We love making things and clamshell boxes are way near the top of the list of those things. We recently did a clamshell box workshop and these are the results. While a complicated process it is hard to really blow it. A nice piece of paste paper really helps.

1) Ray’s prototype for a deluxe copies for a new book series (100?) to house books that are different thicknesses.

2) Rebecca’s clamshell to hold a set of important puzzle books from her childhood that she wants to protect.

3) Jill wanted to protect a family Bible which had a number of clippings, pressed flowers, photos and the like. She also built a folder to hold the miscellaneous objects and made a thick clamshell box to house both the Bible and the folder.

4) Steve chose a book printed via letterpress about typography. Nice touch.

We’ve also done some work to our board shears that we’ve wanted to do for 2 years. We finally put a new top on it We still need to do an inlayed ruler of some sort, but we cannot find a really good metal ruler that reads from the right to the left. We also bought a gizmo at Woodcraft so we could set a stop and could repeat the same cuts over and over. You can by multiple stops as each rotates out of position to allow you to by pass it. That is sometimes a strangely useful process in our studio.

Steve, one of the participants in the workshop turned out to be a wood worker. We had developed a stop-gap measure to help us measure the sizes of the books to be contained in the clamshell boxes and then to trim to that exact measurement. Generally, you are talking about accuracy to the thickness of a piece of book cloth, which is quite thin.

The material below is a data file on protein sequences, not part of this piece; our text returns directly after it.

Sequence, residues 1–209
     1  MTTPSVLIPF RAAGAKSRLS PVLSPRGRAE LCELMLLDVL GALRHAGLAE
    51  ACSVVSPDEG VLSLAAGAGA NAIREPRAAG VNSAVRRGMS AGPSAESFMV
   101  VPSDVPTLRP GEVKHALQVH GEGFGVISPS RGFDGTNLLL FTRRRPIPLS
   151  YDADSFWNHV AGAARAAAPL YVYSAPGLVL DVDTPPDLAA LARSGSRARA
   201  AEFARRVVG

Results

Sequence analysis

This was the first clamshell box workshop where we asked the people to bring in their own book to contain and cutting everthing, even though it was pretty easy to do, slowed us down enough that we couldn’t get the workshop finished in one day. So, everyone came back the next day for another couple of hours. Steve brought back a wonderful device to help us do the measuring quickly. Now I think I need 3 or 4 of them so different people could be measuring at the same time.

workshops Wednesday January 22 2014 12:01 pm

Lead Graffiti letterpress & bookmaking workshops

January - June 2014

Lead Graffiti announces its letterpress and bookbinding workshop schedule. Take a look. Put handmade back into your life.

Click any link to look at the details. Email us with questions.

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Creative letterpress (OPEN registration)